DTN CATTLE PRICES/TRENDS 04/25 09:15 HEAD SOLD LIVE STEERS DRESSED LIVE HEIFERS DRESSED KANSAS NEBRASKA TEXAS IOWA COLORADO *=PRIVATE SOURCES DTN COMMENTS: The cash cattle trade remains unestablished this morning with both bids and asking prices poorly defined. Significant activity could be easily postponed until Thursday or later. Beef cut-outs are expected to be higher today with light to moderate box movement. Live and feeder futures are bouncing higher through the opening hour, supported by short covering and cash premiums. Feedlots are encouraged to call DTN with any cattle sales, at 1-800-369-7675, 1- 402-399-6402, or 1-402-462-8897. All sales will be listed anonymously and organized by state. General trends and summaries from this data will also be posted on the Daily Sales Reported to DTN page.


 DTN Headline News


March for Science

By Emily Unglesbee
DTN Staff Reporter

WASHINGTON (DTN) -- The rain didn't deter the thousands of protesters who streamed into the nation's capital on Saturday, April 22, to join the March for Science.

They wrapped their signs in plastic, donned ponchos and marched on as the clouds alternated between drizzle and downpour. Among the many attendees were agricultural scientists from industry, government and academics.

One such scientist, an employee in the pesticide re-evaluation division of the EPA, protected her "Show Me the Data" sign with an umbrella.

"Overall, it seems the tenor of politics now is that facts and data are less important and science is less important, as is investment in basic research and science," she told DTN. She declined to be identified for fear of reprisal.

She said everyone in the agency is worried about the dramatic budget cuts proposed for the EPA.

Ohio State entomologist Kelley Tilmon said these very fears helped spur her trip from Wooster, Ohio, to D.C. "One of the reasons I'm here is for the scientists who can't be," she said.

She joined Michigan State University Extension entomologist Chris DiFonzo, who traveled from East Lansing, Michigan, to represent ag scientists in the March.

They huddled under a tree near the Washington Monument, as steady showers dampened their "Make America Cogitate Again" signs.

"Many people forget that agriculture is 100% based on science," DiFonzo told DTN. "Farmers are on the front lines of science, every day."

Similar marches occurred around the world on Saturday in 600 cities from Los Angeles to Berlin.

Before they marched up the Mall to Congress in D.C., the crowd massed around a rally stage next to the Washington Monument. Speakers ranging from science educator and television presenter Bill Nye to Roger Johnson of the National Farmers Union spoke in defense of science-based policy and investment in public research.

The role of scientists as educators was on prominent display. A group of white "teach-in" tents were set up near the stage. Inside, scientists gave mini-lectures on topics such as archeology, climate change, bee health and ocean conservation.

The signs of many marchers called attention to the dramatic budget cuts proposed for scientific institutions like the USDA and EPA. One man with a bushy white beard and a lab coat held up a black sign with red lettering declaring "No Science Funding = No Future." Another marcher's sign read, "Fund EPA: Prevent Silent Spring."

Both Tilmon and DiFonzo expressed concerns over the budget cuts proposed for EPA and USDA, particularly rural outreach programs. "I think a lot of people underestimate what government programs do for them," DiFonzo said of the agricultural community.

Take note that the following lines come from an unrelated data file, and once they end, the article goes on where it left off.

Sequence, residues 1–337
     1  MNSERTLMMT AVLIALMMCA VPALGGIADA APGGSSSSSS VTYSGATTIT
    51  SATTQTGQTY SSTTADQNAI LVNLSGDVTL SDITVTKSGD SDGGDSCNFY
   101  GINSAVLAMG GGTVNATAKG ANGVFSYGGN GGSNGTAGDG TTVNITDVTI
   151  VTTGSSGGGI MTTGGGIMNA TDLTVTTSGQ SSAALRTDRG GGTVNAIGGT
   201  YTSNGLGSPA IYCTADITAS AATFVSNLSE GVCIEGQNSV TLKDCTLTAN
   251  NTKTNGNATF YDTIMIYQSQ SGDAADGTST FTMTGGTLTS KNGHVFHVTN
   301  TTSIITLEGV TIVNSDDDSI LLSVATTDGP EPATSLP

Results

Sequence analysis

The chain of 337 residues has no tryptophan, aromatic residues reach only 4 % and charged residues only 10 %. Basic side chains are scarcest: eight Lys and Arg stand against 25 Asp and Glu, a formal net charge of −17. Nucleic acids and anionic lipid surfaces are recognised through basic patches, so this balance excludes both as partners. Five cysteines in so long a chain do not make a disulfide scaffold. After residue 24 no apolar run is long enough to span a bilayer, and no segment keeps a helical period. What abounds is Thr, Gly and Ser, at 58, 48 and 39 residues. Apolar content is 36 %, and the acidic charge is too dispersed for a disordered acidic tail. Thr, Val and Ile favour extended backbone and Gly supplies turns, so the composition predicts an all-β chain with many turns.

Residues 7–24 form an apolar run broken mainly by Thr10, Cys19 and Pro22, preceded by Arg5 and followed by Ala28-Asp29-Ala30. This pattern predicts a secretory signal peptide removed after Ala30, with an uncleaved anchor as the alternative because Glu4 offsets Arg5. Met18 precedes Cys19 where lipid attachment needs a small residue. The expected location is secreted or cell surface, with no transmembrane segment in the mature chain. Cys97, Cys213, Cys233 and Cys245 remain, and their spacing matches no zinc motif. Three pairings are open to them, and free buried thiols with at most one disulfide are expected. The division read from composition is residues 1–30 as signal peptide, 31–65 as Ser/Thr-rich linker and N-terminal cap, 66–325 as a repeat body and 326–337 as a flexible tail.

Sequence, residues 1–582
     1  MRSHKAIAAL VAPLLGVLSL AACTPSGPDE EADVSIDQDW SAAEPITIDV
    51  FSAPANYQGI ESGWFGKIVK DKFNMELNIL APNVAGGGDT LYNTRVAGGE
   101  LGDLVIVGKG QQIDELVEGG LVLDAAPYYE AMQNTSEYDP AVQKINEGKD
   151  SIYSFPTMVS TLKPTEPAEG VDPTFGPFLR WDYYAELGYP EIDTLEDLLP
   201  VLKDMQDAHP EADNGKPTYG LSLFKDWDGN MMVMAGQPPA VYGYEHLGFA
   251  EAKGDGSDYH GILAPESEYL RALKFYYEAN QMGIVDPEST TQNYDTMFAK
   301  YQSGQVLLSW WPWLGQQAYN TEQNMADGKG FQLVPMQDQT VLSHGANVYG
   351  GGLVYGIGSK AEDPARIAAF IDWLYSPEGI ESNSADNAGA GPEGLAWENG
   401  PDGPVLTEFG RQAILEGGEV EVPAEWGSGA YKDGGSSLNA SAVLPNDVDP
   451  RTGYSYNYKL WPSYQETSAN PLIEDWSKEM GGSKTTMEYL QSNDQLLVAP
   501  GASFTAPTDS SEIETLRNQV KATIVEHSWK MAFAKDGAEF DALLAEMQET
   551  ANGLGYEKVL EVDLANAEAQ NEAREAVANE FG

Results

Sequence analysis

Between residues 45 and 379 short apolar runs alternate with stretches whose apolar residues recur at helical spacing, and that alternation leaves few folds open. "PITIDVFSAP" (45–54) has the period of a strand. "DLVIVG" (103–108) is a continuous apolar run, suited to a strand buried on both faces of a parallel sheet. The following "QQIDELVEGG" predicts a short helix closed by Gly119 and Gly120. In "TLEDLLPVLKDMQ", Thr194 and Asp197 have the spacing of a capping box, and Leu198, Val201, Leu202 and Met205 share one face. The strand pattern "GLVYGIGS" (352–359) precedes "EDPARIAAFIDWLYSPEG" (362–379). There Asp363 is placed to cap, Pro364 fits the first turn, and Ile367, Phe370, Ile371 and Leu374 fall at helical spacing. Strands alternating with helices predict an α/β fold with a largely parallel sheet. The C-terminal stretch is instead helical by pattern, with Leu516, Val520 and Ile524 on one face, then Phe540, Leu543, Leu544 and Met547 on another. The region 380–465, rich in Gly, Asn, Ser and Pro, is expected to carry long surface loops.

The EPA has a bad reputation among many farmers, but staff cuts could endanger farmers' access to safe and effective pesticides, Tilmon added.

Many marchers focused on climate change science, which has been called into question by members of the current administration, including the head of the EPA, Scott Pruitt.

Tilmon and DiFonzo worry that ignoring climate change at a policy level could hurt farmers first. "Of all the industries affected by climate change, agriculture is a huge one," DiFonzo said.

"Farmers live and die by when the next rains come," Tilmon added. "So they're living this -- they're seeing the changes."

Not everyone at the March for Science was a scientist. Software developer Mark Pemburn and his wife, Leanne, who works in insurance, made the trip from Baltimore, Maryland, simply to show their support for scientists.

"Without science, I would not have my work," Mark pointed out.

Leanne said she was discouraged by what she called "the cluelessness" and "indifference" to facts in the current administration.

"We're forgetting how much we have gained from science," she said.

Emily Unglesbee can be reached at Emily.unglesbee@dtn.com

Follow Emily Unglesbee on Twitter @Emily_Unglesbee


Cash Market Moves

By Mary Kennedy
DTN Basis Analyst

Spring wheat planting was behind in five of the key growing states as of April 16, with Idaho and Washington significantly behind, followed by Minnesota and then North Dakota and Montana, according to last week's USDA Crop Progress report. If you look at a map of 2017 spring wheat final planting dates, parts of Idaho, Washington and Montana are three weeks away from their final insurance plant dates. Rain is expected in Washington through the rest of the month, and some estimate prevented-planting acres could be 10% to 15% as their last plant date nears. Northwestern Minnesota is experiencing cold temperatures and a rain/snow mix as of April 24, which will also stall planting.

North Dakota NASS noted that as of April 16, in the northern part of the state where large amounts of snow were received this winter, muddy soils still exist. Some isolated areas in northeast North Dakota were still experiencing some flooding. Six inches of snow fell in the same area as of April 23, with more expected in the Northern Valley to start the week. Also, most of the western half of the state, including Jamestown and north, is under a winter weather advisory as of April 24.